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MailTribune.com
  • July 24, 1913

  • In affirming the judgment of the lower court in the case of Frank Seymour and Mike Spanos, convicted of the murder of George Dedaskalous at Medford, Sept. 22, 1912, the Supreme Court said:
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  • In affirming the judgment of the lower court in the case of Frank Seymour and Mike Spanos, convicted of the murder of George Dedaskalous at Medford, Sept. 22, 1912, the Supreme Court said:
    "The confession offered in evidence was reduced to writing, signed by defendants, and contained a detailed statement of the methods employed by defendants and their consorts to encompass the death of their victim. We deem a recital of the gruesome facts profitless, and rest by saying they show a murderous act committed in a deliberate and foul manner.
    "The prosecution offered in evidence the testimony of the officers of the law connected with the case, and a number of other responsible witnesses, to the effect that defendants while uninfluenced by any insidious surroundings expressed a desire to make a clean breast of the facts connected with the commission of the crime; that they were apprised before making the confession, that what they would say would be used against them and any statement made must be the offspring of their own free will and accord.
    "After a painstaking study of the evidence adduced at the trial, we cannot say that the presiding judge, in admitting the confessions, committed an error manifest and clear, and, in consequence thereof, we are forbidden by the legal policy of the state from disturbing the determination of the trial court.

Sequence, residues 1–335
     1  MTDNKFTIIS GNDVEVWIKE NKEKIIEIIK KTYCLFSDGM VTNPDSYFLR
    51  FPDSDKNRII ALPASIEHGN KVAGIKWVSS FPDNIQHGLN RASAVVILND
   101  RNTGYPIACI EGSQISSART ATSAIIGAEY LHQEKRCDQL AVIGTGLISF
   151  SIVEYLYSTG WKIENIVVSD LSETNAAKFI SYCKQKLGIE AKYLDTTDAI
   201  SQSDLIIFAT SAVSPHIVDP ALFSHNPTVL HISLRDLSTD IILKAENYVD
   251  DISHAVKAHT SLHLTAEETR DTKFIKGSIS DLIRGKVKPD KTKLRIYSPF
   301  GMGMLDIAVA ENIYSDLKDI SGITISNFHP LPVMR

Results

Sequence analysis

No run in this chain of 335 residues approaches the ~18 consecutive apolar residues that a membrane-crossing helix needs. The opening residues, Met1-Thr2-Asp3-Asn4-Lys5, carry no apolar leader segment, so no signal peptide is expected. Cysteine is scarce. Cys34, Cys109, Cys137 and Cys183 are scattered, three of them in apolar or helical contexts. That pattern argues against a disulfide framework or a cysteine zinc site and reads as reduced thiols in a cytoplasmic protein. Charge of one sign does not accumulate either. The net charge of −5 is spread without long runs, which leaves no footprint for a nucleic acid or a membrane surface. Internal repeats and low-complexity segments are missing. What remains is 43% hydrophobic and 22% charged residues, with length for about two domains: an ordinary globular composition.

u
    The dramatic spectacle "Everywoman," in many ways the most talked-about play of recent years, is offered by Henry W. Savage at the Page Theater Friday, Aug. 1.
    This unique production, which has made an extraordinary success in London at the historic Drury Lane Theater, has been witnessed by three million people during the two years which have elapsed since its first performance, and it is now being played in half a dozen countries.
    "Everywoman" is a sort of nondescript in the matter of classification. It partakes of the nature of drama, opera and musical comedy, and yet, in reality, it does not belong to any one of the three classes. It was suggested to the author by the morality play "Everyman," which was performed throughout America a few years ago by a band of English players, yet the latter work was gloomy and morbid, while "Everywoman" is bright, witty and abounds in comedy.
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